History of the Library

In 1904 the Waterman Women's Club began the Clinton Township Public Library as a reading room.  A committee solicited books, periodicals, and cash contributions until the club had a large enough collection to justify renting a room above Dean's Drug Store.  Until 1910 the club financed the library through various fund-raising projects.  It also successfully petitioned the voters of Clinton Township to elect a library board and to establish a tax-supported public library in 1911.

Funding from Andrew Carnegie was first requested by a representative of the women's club in 1905, but formal application was not made until June 14, 1911.  This application, sent in by the library board of trustees, met with no response, so the board wrote again on August 6, 1912.  On January 31, 1913, Clinton Township was offered $3500 for library construction.

A special election was called and voters passed a resolution to support annually a new library with at least 10 percent of the $3500 request from Carnegie.  In 1913, at a township meeting, a request was made for a two-and-a-half-mill tax, the money to be used for constructing a basement under the proposed library.  A site at the end of Main Street was chosen because it was centrally located in the village.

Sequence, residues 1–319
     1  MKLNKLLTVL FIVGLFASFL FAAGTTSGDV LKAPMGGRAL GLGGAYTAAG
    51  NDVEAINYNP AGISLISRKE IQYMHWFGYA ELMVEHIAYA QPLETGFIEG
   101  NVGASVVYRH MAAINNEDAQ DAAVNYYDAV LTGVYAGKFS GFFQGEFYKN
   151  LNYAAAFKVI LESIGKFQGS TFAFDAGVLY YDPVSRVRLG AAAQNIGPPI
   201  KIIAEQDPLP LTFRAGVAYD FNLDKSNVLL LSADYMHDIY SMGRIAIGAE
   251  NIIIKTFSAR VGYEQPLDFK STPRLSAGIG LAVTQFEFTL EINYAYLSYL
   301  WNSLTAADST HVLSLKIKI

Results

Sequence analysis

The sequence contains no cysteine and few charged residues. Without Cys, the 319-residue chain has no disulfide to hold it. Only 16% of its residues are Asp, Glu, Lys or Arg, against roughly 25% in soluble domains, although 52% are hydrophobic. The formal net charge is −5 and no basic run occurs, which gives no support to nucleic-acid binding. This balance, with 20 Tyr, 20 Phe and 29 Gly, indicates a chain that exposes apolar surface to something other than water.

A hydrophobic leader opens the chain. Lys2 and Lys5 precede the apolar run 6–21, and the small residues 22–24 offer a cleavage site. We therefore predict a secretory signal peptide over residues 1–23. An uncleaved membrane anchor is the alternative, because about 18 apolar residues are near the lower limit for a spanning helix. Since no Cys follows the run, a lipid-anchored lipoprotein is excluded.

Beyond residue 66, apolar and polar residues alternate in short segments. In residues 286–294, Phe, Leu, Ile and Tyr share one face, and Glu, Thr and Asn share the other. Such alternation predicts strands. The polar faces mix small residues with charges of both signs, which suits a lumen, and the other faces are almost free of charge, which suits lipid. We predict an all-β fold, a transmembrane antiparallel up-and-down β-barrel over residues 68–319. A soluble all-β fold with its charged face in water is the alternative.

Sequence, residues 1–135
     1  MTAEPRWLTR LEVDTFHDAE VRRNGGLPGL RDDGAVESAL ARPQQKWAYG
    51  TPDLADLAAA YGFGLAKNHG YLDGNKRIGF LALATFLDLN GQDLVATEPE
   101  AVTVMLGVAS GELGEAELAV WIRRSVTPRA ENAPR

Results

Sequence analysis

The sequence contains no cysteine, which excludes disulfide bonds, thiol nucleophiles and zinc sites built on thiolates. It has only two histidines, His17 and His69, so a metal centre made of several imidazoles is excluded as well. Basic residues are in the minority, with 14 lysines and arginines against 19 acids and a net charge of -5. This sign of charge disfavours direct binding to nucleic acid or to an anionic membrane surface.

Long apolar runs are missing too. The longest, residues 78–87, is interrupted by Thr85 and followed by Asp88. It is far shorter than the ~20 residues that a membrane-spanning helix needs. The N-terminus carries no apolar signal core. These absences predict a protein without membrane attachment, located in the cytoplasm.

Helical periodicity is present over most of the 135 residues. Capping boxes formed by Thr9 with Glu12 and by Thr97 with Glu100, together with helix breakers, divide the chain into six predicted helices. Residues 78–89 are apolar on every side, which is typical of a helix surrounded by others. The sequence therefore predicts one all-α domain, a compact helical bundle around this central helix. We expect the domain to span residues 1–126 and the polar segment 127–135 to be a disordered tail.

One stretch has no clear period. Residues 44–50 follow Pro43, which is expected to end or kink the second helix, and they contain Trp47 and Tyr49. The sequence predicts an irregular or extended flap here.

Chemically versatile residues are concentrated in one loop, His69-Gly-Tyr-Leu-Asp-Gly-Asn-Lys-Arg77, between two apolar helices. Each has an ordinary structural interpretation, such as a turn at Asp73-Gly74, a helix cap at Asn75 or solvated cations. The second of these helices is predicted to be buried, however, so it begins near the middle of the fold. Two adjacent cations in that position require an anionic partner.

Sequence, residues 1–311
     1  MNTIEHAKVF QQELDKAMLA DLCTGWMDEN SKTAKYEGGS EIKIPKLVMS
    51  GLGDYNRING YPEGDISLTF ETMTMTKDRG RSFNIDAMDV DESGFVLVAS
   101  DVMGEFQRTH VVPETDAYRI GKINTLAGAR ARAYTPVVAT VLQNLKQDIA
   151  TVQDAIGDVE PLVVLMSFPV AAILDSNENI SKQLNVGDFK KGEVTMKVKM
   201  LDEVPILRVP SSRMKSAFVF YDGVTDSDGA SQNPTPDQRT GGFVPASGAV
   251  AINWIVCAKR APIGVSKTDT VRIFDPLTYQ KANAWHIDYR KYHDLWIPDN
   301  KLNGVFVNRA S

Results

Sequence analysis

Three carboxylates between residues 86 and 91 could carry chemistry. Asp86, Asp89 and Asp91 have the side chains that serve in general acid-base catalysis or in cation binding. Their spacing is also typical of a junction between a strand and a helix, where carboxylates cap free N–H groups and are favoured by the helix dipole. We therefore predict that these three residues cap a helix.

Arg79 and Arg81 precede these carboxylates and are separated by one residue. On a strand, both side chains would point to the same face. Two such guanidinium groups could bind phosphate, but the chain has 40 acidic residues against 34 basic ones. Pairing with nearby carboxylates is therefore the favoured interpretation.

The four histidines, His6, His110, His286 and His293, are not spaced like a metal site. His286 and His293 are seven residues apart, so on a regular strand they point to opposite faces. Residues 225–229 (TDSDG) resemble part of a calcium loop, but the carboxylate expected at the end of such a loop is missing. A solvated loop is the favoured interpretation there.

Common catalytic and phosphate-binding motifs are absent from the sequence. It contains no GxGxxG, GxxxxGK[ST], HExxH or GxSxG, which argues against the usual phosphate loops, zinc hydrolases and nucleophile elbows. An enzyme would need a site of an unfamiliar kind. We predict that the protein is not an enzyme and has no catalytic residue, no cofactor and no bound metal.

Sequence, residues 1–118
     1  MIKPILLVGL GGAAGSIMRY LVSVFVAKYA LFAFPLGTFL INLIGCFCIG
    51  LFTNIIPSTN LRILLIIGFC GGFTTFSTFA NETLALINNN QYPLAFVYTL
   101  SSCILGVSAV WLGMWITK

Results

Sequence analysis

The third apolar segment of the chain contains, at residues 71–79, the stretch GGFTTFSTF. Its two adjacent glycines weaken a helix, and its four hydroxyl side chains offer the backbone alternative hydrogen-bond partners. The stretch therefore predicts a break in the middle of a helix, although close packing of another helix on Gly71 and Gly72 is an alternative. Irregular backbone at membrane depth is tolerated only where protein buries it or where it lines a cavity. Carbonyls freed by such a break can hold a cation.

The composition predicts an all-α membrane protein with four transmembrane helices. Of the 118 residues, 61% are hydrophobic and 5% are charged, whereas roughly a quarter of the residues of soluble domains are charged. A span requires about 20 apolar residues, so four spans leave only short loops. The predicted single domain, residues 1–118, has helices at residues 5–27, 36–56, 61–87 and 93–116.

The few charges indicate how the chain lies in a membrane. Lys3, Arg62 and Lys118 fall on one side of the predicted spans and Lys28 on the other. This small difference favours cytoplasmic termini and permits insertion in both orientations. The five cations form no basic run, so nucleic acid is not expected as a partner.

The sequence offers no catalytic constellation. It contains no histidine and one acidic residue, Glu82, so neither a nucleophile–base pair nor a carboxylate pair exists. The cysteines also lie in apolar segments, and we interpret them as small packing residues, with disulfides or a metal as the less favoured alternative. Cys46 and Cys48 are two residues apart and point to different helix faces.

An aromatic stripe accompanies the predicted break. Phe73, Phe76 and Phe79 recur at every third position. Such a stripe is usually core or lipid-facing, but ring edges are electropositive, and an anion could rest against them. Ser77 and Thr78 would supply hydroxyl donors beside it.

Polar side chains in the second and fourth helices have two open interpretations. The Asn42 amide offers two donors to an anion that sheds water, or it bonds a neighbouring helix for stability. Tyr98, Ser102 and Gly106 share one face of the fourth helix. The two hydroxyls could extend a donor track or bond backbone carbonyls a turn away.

Some of the men in the community got together and dug the basement with horse-drawn scoops, although work on the building itself was delayed until June 29, 1914 because of a brick makers' strike.  Designed by the architectural firm of Ashby and Sons of Chicago, the square brick building ws constructed by Benjamin Zolper and Sons of Mendota, Illinois.  At the time of construction, Clinton Township was the smallest governmental unit in the United States to have secured a Carnegie library.

Although the Clinton Township Public Library remains essentially unchanged, a number of improvements have been made over the year, including some electrical rewiring, replacement of the original fixtures with fluorescent lights, and installation of a dropped ceiling.  The interior walls are also now covered with pecan paneling.

Since 1916, one of the duties of the librarian has been to keep a historical scrapbook of news items of important events which have occurred in the village and township.  This includes such personal items as births, obituaries, weddings, as well as clippings about various organizations, schools and churches.